Integration and Accessibility

Big-time analytics applications often rely on a growing number of internal and external data sources that contain both structured and unstructured data. This leads to the need for features that support information accessibility and system integration. Resources to be considered in this area include:

Use of unstructured data. Make sure the product is capable of ingesting different types of unstructured figures - including documents, emails, images, videos, presentations and social media channel streams - and can structure the parent population to provide you with quotation groups with similar features.

Accessibility of Big Data. Compare how vendor tools connect to big data architectures, including distributed figures stored in Hadoop and managed files on other types of scale-out storage - for example, NoSQL databases such as MongoDB or Apache Cassandra.

Interoperability with existing platform components. This is critical when it comes to combining more traditional management with BI practices and analytical methods. For example, many software tools can call analytics models through traditional SQL queries. This form of interoperability enables predictive modelling results to generate more queries and reports that traditional analysts typically feel comfortable with.

Connected. It is important to evaluate the connectivity of a product, i.e. its capability to access other systems and as a result serve as an established reporting and analytics platform.

Easy to Use

Some analytics products are constructed from scratch by vendors, while others are based on the open source statistical language R. In any scenario, this rating category focuses on how easy it is for the product in question to analyse the data.

The Evaluation Criteria

  • The availability of business analysts. Can business analysts without a statistical history easily develop analytics and applications? Make sure the product provides an easy visual method to develop and analyse data.
  • Flexible deployment of different business use cases. The same algorithm approach can be applied to many different business scenarios in different industries. If your organisation plans to conduct a limited type of analytics and is focused on more general use cases, such as customer lifecycle value analytics, fraud analytics or retention prevention, you can tolerate less flexible technologies.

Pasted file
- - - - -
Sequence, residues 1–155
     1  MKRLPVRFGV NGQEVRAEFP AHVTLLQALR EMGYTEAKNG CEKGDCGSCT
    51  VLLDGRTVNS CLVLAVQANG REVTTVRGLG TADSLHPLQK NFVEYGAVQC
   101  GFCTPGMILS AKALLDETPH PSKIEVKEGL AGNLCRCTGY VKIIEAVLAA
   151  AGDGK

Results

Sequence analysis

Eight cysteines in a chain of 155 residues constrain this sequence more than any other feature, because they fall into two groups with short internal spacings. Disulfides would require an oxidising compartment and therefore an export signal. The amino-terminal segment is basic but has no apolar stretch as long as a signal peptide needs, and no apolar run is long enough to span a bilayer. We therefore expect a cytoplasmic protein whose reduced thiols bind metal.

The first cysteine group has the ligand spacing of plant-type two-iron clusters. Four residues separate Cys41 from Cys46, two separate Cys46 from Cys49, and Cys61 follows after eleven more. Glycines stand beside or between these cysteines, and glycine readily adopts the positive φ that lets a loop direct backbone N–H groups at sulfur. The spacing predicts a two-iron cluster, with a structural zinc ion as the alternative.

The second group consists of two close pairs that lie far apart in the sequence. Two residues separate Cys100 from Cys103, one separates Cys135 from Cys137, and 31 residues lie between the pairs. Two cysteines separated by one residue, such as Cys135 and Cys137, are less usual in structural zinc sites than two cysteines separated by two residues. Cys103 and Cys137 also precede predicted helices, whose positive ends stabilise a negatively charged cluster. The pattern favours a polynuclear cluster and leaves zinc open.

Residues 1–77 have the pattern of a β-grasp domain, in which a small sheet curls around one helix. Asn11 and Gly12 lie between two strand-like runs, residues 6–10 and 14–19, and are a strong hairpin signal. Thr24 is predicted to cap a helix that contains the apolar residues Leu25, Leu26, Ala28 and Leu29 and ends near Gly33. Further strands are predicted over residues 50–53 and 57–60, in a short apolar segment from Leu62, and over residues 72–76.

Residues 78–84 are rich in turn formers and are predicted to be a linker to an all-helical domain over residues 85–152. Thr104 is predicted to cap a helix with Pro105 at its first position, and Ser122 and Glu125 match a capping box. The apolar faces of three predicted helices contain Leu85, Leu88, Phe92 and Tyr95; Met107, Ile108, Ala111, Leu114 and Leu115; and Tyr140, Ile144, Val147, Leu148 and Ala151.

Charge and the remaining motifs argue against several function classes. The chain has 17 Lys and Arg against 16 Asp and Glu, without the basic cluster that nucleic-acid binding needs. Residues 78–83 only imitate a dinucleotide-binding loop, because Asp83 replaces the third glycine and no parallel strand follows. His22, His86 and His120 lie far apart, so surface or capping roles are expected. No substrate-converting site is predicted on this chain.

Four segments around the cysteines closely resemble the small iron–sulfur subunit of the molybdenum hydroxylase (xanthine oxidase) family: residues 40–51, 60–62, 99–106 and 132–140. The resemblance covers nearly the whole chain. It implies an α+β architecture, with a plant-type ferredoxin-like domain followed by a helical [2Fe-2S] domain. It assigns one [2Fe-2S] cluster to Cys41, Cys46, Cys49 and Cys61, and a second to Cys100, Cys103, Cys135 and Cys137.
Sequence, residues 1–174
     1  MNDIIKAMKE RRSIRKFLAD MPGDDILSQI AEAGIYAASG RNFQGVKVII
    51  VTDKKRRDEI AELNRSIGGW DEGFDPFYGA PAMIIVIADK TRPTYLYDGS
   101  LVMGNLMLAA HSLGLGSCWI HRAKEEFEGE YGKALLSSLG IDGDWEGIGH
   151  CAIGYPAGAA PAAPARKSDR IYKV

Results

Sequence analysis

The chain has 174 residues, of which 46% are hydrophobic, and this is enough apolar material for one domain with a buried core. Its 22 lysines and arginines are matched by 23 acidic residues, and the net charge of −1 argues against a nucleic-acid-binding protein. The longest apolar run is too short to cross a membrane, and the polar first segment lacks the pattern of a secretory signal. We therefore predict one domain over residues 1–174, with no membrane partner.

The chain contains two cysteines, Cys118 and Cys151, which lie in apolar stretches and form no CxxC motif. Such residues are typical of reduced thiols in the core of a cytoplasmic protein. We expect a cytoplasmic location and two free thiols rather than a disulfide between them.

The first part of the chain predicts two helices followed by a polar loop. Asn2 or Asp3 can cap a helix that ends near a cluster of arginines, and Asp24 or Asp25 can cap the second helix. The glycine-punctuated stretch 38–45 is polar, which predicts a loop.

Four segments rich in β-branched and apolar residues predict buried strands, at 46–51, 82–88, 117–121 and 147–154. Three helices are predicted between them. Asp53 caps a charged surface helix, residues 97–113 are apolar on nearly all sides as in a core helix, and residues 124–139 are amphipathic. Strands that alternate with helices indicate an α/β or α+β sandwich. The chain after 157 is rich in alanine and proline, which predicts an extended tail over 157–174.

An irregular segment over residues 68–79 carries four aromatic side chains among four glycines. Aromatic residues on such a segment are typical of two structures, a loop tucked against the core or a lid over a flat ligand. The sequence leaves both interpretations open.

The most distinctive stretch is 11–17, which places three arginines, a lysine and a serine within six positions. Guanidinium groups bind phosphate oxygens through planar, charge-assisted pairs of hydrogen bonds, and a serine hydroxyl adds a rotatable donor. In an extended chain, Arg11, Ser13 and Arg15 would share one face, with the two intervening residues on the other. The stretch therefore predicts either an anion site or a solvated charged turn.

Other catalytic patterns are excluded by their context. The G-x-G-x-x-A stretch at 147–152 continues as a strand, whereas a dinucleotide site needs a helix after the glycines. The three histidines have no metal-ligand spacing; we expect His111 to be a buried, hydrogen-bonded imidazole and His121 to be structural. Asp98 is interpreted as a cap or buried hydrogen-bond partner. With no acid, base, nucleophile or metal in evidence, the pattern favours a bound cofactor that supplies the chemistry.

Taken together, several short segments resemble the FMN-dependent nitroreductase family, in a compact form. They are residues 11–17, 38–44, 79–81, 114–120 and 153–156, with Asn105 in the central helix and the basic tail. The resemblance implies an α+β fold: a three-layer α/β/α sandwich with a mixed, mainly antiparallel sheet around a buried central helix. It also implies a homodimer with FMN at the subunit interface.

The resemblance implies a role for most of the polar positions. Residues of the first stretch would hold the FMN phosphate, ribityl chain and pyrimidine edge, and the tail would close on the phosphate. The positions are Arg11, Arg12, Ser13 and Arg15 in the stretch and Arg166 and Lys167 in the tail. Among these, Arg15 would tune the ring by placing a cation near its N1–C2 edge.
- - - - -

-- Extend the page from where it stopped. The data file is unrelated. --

However, if your organisation requires a broader and less restricted approach to analytics, look for more modelling flexibility.
  • Model Score. This includes other tools that help analysts automatically compare the accuracy, effectiveness and predictive value of different predictive models for similar business scenarios.
  • Cooperation analytics and development alone can lead to duplication of efforts and uncoordinated results. Part of a big data analytics platform is providing a means of integrating collaboration capabilities and sharing analytical models, allowing analysts to work together to optimise their applications and reuse the same models, reducing development costs and increasing consistency.
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How to Choose Analysis Tools

Restrict your candidate vendor by filtering based on products that best fit your organisation's specific use cases. Examine how the organisation's requirements are mapped to the rating categories above and create a request for proposal (RFP)
that, in addition to the standard set of questions about integration, interoperability and company details, also focus on quantifying your expectations for analytical management, modelling, number of consistencies and level of expertise and accessibility required.

Identify the most critical differentiating factors, such as a product's ability to scale and execute based on increasing data volume, the ability to consume unstructured data and the breadth and depth of modelling capabilities. At the same time, develop issues that reflect the needs of the user community, especially if analysts have different levels of expertise or need to collaborate.

In addition, the key factors influencing the selection of analytics tools should include initial price, staffing requirements and total operating costs, and should challenge the costs and budgets associated with the evaluation.

Identify and Prioritise Business Needs

Configure your request for the proposal (RFP), set the questions you need to ask and specify acceptable responses to determine a particular product. Or just send us your RFP to discuss development of your own data analytics tool from scratch.